Illinois Attorney General Lisa Madigan on Jan. 27 formally joined a national team tasked with holding lenders more accountable for acts that led to the country's housing crisis. The group, President Obama’s Financial Fraud Enforcement Task Force, will closely investigate questionable lender acts.
She joins U.S. Attorney General Eric Holder, Housing and Urban Development Secretary Shaun Donovan, Securities and Exchange Commission Director of Enforcement Robert Khuzami and New York Attorney General Eric T. Schneiderman on the task force.
“We are working on all fronts to hold accountable the many actors whose misconduct directly contributed to the financial crisis,” Attorney General Madigan said in a press release. “My office has cracked down on the nation’s largest lenders for defrauding homeowners and discriminating against minority borrowers. We’ve filed more lawsuits than any state against so-called mortgage ‘rescue’ consultants, and just this week, we filed suit against Standard & Poor’s for fraudulently claiming its independence and objectivity while giving out superior ratings to risky mortgage-backed security investments. I will continue to lead this fight as we collectively work to ensure that a disaster of this magnitude never happens again.”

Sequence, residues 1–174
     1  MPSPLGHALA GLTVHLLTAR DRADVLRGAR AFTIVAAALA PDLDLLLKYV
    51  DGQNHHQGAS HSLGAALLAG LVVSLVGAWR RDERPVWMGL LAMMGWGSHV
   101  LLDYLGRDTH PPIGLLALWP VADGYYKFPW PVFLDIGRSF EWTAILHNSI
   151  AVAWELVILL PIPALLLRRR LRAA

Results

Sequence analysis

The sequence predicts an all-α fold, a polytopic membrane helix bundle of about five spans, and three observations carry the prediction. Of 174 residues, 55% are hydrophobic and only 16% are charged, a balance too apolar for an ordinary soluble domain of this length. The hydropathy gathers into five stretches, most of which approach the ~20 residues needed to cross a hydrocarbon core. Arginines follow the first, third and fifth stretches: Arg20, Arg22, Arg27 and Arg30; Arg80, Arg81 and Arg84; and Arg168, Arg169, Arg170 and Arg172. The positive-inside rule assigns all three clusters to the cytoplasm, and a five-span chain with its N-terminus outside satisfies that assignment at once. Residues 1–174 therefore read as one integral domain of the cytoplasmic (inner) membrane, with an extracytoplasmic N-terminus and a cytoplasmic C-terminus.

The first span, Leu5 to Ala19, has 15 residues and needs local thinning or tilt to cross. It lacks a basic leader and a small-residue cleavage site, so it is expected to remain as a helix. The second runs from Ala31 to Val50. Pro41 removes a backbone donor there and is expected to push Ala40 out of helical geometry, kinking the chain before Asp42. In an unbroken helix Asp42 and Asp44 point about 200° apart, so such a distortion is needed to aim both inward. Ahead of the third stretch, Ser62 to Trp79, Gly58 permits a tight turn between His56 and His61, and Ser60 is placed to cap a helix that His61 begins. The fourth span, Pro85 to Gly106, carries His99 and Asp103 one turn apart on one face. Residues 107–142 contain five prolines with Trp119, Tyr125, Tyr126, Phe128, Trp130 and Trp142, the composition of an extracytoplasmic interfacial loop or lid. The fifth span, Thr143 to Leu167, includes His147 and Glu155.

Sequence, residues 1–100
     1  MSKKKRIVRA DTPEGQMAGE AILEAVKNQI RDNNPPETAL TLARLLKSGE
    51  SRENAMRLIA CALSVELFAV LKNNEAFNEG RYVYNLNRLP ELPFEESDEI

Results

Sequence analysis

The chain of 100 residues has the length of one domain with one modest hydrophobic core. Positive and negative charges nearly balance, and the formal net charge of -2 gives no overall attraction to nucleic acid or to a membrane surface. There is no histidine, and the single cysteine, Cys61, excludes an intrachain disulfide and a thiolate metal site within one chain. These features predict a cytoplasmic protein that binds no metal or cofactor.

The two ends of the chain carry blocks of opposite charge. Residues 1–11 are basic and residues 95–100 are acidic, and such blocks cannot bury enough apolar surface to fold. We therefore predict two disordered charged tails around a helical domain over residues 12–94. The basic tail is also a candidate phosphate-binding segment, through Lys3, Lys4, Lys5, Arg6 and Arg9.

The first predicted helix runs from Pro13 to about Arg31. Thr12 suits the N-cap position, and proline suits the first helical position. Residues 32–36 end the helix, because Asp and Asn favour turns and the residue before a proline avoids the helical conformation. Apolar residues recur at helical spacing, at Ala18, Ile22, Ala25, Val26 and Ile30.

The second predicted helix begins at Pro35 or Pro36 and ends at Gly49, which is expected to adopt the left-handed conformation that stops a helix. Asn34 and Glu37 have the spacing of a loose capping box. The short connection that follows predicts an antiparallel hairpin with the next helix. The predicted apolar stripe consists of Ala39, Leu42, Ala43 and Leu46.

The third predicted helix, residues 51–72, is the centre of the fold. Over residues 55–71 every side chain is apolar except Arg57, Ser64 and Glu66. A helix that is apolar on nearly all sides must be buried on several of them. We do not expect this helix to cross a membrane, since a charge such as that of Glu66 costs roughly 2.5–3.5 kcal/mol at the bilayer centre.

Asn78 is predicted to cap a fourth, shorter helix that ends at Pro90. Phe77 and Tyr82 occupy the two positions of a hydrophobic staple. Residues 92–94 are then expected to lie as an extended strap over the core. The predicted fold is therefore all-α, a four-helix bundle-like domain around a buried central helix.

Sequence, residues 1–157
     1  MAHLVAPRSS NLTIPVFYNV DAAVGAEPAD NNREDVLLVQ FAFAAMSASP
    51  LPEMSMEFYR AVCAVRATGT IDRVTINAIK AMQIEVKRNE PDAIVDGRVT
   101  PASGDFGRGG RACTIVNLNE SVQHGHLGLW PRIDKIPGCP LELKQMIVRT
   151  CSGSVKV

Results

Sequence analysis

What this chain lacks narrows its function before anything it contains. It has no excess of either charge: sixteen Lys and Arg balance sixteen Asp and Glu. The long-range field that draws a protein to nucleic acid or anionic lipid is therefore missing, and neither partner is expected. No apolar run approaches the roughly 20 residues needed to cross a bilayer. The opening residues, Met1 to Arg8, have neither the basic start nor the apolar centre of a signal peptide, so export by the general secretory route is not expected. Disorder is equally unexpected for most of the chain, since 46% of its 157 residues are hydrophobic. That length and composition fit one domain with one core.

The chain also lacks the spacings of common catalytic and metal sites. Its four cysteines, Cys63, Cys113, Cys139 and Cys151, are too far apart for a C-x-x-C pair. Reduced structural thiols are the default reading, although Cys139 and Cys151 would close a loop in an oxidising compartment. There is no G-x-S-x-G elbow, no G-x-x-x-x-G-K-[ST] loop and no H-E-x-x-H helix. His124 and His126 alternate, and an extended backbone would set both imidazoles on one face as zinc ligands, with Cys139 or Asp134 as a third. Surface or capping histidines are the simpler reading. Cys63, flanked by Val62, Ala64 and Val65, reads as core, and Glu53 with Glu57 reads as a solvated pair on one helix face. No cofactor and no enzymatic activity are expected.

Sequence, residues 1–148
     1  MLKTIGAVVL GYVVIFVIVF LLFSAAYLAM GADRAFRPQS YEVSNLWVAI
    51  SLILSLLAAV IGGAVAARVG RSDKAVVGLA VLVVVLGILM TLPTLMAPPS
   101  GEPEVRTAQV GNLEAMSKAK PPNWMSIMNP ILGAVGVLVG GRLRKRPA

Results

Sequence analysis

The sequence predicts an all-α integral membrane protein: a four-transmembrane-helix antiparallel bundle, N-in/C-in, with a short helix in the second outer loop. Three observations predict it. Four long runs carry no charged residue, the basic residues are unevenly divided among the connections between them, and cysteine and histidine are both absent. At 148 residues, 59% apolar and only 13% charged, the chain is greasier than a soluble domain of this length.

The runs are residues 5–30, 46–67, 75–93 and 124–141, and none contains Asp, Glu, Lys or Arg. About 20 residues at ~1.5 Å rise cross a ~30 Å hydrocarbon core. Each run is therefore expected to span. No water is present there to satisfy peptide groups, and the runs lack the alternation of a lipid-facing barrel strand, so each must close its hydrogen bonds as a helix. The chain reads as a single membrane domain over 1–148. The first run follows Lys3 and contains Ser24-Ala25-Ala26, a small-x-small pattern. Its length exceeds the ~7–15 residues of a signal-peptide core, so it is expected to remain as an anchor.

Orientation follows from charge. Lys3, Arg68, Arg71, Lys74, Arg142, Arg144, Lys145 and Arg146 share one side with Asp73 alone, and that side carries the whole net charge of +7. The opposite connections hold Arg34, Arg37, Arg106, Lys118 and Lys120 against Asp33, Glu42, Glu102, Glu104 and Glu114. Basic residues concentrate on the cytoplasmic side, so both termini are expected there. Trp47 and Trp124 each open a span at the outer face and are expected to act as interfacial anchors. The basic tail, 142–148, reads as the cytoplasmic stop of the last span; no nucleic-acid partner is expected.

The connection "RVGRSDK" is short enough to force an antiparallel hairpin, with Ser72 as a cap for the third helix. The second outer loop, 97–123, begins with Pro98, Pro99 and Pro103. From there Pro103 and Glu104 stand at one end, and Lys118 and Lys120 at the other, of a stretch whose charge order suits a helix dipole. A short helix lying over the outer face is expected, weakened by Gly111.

Although it's a positive step, one has to wonder what kind of penalties, if any, this group can levy on individuals who have long since moved on from their executive positions?